Misinformation spewed continually at Common Cause’s press conference on natural gas campaign contributions (see CF News Release) held today at the Capital. Here are some fact checks:
First, the commonly used and misleading statement, “Pennsylvania is the only major gas producing state without a severance tax“, was frequently made.
- However, all states with difficult to drill resources, like Marcellus Shale, delay or suspend their tax until drilling companies recoup investment costs.
- Further, other states rely on a natural gas tax to lower other business taxes. In contrast, Pennsylvania already imposes on gas companies one of the highest tax burdens, and the highest effective corporate income tax rate in the world.
Second, the tax-and-regulate speakers espoused, Marcellus Shale exploration is destroying roads and the environment.
- While there will inevitably be costs to roads and bridges due the increase of usage by gas companies; drilling are required to put up bonds for all posted roads and bridges, and repair any damage they cause.
- Environmental regulations are tightly monitored by six different state agencies. Drillers are responsible for any groundwater contamination within 1,000 feet of each well.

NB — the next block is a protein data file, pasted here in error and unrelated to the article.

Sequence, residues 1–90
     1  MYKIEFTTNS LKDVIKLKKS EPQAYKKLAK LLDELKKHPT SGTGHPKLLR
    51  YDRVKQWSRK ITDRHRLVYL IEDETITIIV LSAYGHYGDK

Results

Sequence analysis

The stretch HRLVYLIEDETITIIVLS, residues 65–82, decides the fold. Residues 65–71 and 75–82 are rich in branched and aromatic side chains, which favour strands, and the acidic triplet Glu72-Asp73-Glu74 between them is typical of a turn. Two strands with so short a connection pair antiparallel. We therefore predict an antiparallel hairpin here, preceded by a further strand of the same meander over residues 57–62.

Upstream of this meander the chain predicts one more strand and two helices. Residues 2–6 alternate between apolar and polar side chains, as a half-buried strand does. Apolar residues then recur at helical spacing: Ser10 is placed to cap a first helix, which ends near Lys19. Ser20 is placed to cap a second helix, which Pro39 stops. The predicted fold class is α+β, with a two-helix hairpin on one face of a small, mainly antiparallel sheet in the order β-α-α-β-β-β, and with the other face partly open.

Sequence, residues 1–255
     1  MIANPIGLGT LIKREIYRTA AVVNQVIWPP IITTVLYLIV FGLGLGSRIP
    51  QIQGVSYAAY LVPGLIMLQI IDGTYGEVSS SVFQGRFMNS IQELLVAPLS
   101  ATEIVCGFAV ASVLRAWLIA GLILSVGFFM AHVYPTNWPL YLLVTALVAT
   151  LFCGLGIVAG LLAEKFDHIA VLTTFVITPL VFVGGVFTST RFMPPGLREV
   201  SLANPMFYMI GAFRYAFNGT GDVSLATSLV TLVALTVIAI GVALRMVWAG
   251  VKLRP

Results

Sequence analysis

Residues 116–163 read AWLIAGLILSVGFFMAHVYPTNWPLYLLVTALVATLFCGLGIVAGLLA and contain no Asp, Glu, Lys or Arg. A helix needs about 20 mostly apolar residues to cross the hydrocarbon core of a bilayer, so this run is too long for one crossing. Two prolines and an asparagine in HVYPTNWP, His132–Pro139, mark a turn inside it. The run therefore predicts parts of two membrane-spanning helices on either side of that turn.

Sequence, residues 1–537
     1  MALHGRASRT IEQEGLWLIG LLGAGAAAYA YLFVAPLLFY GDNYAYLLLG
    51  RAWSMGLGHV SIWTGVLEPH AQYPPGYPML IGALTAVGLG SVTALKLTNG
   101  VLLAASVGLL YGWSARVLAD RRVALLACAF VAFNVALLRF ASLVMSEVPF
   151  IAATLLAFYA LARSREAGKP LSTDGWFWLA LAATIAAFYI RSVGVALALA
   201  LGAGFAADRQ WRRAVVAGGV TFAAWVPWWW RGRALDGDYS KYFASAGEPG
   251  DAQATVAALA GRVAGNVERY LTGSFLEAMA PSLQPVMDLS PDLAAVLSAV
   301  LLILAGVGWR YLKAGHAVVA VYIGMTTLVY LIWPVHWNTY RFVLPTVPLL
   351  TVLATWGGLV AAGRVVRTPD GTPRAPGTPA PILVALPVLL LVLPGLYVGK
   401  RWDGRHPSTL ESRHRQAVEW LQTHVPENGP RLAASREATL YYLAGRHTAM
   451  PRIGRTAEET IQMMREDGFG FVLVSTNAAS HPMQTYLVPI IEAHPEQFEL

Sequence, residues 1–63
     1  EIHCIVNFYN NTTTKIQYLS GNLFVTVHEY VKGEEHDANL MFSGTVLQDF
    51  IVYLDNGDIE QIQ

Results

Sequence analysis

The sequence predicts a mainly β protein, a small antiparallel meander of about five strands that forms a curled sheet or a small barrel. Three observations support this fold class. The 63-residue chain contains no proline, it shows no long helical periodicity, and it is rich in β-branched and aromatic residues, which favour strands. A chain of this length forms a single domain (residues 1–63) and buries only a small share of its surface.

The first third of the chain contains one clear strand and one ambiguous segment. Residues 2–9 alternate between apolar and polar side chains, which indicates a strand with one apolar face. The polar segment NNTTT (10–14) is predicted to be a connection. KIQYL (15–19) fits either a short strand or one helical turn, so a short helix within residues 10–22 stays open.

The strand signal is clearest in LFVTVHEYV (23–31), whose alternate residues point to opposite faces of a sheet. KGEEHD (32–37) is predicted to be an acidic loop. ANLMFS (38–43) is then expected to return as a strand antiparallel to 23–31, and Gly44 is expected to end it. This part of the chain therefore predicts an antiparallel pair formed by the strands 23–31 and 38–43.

- Additionally, a Penn State University study found that more than 95% of complaints received from homeowners suspecting contamination from gas drilling were actually due to pre-existing problems or other activities, such as agriculture.
Third, Common Cause, PennFuture, and their colleagues use the typical bogeymen – “Big Businesses” like Exxon are coming to Pennsylvania to drill and they can afford to be taxed.
- If large companies want to invest in PA, lawmakers shouldn’t target them with taxes, discouraging future investment in the state. Drillers already pay the taxes common to every other business in Pennsylvania, including – as mentioned above – a 9.99% Corporate Net Income Tax.
- There are no grounds to enact a tax on environmental concerns, especially since most of the money from the proposed tax would go to fill a state budget gap caused by overspending.
- It is more outrageous to create a tax because an industry is considered prosperous – especially from those who demand taxpayer subsidies for alternative energy companies that fund their lobbying.
Fourth, the drilling industry is winning the severance tax debate and gets everything they want.
- All the industry wants is to be treated like other energy producers in the state. Extraction of other natural resources such as solar, wind, natural gas, and coal do not face severance taxes.
- The $2-$3 million in campaign contributions is chump change, compared to the contributions of the special interests denouncing them – perhaps why Gov. Rendell and lawmakers are trying to shake-down the gas industry for more, threatening a gas tax and a moratorium on drilling.
Finally, Barry Kaufmann quoted “The secretary of DCNR said ‘the gas companies are practically laughing’ at not paying a severance tax”
- This statement was actually made by DEP secretary John Hanger, who founded the organization PennFuture, which was part of the press conference today – it sounds quite silly to site the founder of PennFuture to support PennFuture’s views.